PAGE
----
posted by Lame_username at 10:31 AM on August 23, 2014

I use Chrome for all my browsing, except for Facebook - a couple of times a day I log in there on Safari and I don't use Safari for anything else. I started this a while ago to avoid the crap I would see on news sites like The Guardian showing me how many of my friends like this page. Works pretty well, and would fix this problem as well.
posted by jontyjago at 11:07 AM on August 23, 2014

I had a weird thing recently: I searched google maps on my phone for a particular, obscure location. Then, I was at my dad's house, and typed in the first letter of a search on google maps, and it suggested the obscure location I'd searched on my phone. I'm pretty sure it made the connection based on my dad and I being known google contacts.
posted by latkes at 11:24 AM on August 23, 2014

Because my newer MacBookPro still gives me a slight headache and makes my eyes burn after a couple of hours, I still use an old PowerBook for a lot of my browsing despite the fact that a failed software update is apparently keeping it from accepting any new ones, and a lot of certificates seem to have expired, or been issued by authorities my decrepit old machine doesn't recognize.

Including one for FaceBook, and about 4-5 months ago I started getting a little dropdown from some sites advising me that 'Safari can't verify the identity of the website [blahblahblah] jeopardize your information [blah] would you like to be connected to anyway?'

And since then it's spread from a few scattered sites to three-quarters of the sites I visit; not this one, not the NYT, not ScienceDaily, and not government sites, but the Guardian has it, and so does every site I know to be hosted by a commercial blogging platform, including the contacts page of a muckraking site which promises its readers absolute anonymity when they get in touch with it via that page.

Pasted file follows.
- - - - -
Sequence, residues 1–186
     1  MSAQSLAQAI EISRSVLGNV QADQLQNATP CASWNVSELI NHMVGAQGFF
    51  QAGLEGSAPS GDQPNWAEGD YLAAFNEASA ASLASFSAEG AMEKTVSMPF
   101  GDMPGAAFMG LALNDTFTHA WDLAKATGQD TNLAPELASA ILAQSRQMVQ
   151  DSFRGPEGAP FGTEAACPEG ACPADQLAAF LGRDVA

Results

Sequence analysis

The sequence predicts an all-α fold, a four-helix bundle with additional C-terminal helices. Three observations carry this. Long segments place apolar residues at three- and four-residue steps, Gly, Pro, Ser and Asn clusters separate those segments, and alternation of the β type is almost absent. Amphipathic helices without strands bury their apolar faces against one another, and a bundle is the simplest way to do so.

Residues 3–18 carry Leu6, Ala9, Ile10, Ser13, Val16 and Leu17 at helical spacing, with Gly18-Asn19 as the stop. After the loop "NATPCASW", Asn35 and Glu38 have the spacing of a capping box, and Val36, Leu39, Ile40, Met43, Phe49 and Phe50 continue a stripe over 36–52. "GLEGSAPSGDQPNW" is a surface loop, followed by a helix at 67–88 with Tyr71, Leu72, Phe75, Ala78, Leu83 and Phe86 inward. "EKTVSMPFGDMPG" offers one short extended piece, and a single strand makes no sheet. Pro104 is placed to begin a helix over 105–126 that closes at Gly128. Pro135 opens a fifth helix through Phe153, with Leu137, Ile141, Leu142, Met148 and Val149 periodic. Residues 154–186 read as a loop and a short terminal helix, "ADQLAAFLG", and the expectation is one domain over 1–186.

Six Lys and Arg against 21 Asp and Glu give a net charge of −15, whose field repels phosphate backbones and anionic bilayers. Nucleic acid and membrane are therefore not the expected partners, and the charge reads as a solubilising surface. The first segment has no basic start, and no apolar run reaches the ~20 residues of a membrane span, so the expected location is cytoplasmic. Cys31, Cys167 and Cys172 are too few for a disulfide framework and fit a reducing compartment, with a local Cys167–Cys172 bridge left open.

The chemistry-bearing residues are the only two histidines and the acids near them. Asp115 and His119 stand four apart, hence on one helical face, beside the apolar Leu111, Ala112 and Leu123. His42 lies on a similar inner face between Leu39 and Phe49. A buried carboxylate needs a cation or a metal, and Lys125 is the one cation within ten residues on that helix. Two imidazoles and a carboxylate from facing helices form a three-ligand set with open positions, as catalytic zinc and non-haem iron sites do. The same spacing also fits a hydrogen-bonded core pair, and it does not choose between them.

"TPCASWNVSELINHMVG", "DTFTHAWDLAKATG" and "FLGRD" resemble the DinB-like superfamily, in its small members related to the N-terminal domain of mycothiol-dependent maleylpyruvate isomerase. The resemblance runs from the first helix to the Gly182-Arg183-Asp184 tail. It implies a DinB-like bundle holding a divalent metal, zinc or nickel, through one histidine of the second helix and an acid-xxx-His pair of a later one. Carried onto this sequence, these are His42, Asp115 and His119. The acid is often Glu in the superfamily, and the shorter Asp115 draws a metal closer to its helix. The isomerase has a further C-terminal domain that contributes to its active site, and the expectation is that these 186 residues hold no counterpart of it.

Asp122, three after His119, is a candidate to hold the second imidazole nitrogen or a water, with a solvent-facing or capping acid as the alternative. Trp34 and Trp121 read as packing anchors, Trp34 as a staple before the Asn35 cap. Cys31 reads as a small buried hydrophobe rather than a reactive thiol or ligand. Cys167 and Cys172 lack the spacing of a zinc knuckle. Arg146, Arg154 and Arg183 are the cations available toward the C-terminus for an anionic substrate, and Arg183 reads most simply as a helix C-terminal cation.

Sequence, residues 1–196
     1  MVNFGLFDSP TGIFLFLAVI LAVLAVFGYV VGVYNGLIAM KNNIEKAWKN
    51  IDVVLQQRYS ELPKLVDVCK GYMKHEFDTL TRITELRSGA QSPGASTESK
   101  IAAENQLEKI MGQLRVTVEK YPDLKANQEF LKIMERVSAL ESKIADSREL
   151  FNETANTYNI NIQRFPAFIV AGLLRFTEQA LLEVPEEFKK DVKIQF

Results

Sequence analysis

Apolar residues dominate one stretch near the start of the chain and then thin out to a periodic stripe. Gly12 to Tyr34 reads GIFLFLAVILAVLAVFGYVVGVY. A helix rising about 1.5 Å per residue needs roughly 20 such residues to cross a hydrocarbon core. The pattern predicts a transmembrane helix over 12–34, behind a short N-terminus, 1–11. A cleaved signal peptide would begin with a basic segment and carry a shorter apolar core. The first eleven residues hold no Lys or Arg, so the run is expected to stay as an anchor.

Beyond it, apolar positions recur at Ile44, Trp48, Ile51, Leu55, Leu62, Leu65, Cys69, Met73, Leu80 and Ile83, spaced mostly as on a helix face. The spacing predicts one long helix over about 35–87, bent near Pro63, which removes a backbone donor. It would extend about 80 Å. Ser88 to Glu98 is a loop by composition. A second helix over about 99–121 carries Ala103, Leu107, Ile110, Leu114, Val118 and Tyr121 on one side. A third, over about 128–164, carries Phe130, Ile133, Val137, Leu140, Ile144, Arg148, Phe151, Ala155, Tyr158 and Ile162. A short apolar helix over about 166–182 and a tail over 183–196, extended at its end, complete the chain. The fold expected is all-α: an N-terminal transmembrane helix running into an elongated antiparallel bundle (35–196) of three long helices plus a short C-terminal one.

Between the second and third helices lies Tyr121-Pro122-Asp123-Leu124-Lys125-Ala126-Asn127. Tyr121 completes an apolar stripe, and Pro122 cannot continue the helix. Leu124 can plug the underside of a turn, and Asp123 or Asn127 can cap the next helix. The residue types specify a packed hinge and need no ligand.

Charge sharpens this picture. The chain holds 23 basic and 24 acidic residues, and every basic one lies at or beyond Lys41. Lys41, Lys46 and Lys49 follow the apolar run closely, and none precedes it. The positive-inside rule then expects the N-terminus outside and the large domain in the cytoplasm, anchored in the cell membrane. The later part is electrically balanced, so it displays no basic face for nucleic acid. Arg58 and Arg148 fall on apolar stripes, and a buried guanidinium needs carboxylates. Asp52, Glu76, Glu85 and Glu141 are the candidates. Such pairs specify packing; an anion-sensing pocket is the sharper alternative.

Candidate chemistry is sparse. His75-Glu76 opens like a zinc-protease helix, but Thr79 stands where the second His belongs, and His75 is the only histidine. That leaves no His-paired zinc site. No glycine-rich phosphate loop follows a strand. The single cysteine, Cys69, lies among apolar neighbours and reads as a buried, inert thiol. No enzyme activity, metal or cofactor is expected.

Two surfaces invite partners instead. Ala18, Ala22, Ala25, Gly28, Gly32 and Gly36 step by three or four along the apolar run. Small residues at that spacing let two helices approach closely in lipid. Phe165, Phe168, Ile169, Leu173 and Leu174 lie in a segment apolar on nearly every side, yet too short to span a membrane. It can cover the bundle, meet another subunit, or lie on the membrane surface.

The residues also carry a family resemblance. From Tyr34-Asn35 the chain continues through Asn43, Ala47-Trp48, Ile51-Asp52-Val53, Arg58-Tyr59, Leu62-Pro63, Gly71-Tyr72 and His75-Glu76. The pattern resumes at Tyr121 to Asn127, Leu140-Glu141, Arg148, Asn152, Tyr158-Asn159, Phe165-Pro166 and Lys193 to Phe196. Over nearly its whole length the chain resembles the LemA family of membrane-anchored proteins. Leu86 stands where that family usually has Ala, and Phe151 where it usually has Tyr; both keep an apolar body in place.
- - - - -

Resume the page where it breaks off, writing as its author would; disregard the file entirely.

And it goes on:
Changing DNS settings has had no effect, and it has no apparent connection to the presence or absence of a FaceBook like button. If it was coming from my ISP, I'd expect it to be more universal -- and the two sites I've contacted about it have no idea what's going on.

And neither do I, really, but I've been waiting for a question here about strangely effective and apparently unblockable FaceBook tracking, and you've asked it.

If you can find Facebook's certificate recognition on your machine/browser and block it . . . it would probably be hard to tell whether that did anything or not.
posted by jamjam at 4:57 PM on August 23, 2014

Adblock is a company started by... An advertising company! So while they won't show you ads, they're sure as heck not going to stop other companies from collecting data on you. Their product does what they say it does... And absolutely nothing more.
posted by Yowser at 12:08 AM on August 24, 2014

are adblock/ghostery/etc not actualy effective

I just realized I also had the "Facebook Disconnect" extension installed, and yet this still happened...

I think the truth is that no general solution is going to be 100% effective, at least not in the long term. The internet is a big soup of different technologies and platforms, and Facebook is a giant technology company at the forefront of user tracking research and design, making new things up as they go. The blockers only come in after the fact, to mitigate whatever is the newest trend in tracking tech. You are fighting an uphill battle all the way here, I'm afraid.
posted by grog at 7:09 AM on August 24, 2014

Did you actually enable all the filters in Ghostery? As far as I can tell, most of them are off by default.
posted by neckro23 at 8:57 PM on August 24, 2014